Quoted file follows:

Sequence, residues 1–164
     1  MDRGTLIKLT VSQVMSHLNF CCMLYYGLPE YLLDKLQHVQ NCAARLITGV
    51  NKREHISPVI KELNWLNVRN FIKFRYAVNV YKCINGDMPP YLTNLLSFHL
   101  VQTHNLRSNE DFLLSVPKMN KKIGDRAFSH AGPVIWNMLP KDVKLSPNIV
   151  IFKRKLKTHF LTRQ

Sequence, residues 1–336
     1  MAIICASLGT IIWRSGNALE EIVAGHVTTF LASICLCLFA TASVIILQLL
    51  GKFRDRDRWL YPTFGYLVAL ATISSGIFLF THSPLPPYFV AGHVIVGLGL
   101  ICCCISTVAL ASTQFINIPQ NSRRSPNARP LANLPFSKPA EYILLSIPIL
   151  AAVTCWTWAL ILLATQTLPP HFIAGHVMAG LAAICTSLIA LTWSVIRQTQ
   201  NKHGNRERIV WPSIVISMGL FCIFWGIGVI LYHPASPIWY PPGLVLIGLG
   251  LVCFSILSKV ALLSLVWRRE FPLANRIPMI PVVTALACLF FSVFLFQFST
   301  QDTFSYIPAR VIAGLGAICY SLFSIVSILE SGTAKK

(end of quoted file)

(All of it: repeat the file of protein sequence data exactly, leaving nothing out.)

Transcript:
Sequence, residues 1–164
     1  MDRGTLIKLT VSQVMSHLNF CCMLYYGLPE YLLDKLQHVQ NCAARLITGV
    51  NKREHISPVI KELNWLNVRN FIKFRYAVNV YKCINGDMPP YLTNLLSFHL
   101  VQTHNLRSNE DFLLSVPKMN KKIGDRAFSH AGPVIWNMLP KDVKLSPNIV
   151  IFKRKLKTHF LTRQ

Sequence, residues 1–336
     1  MAIICASLGT IIWRSGNALE EIVAGHVTTF LASICLCLFA TASVIILQLL
    51  GKFRDRDRWL YPTFGYLVAL ATISSGIFLF THSPLPPYFV AGHVIVGLGL
   101  ICCCISTVAL ASTQFINIPQ NSRRSPNARP LANLPFSKPA EYILLSIPIL
   151  AAVTCWTWAL ILLATQTLPP HFIAGHVMAG LAAICTSLIA LTWSVIRQTQ
   201  NKHGNRERIV WPSIVISMGL FCIFWGIGVI LYHPASPIWY PPGLVLIGLG
   251  LVCFSILSKV ALLSLVWRRE FPLANRIPMI PVVTALACLF FSVFLFQFST
   301  QDTFSYIPAR VIAGLGAICY SLFSIVSILE SGTAKK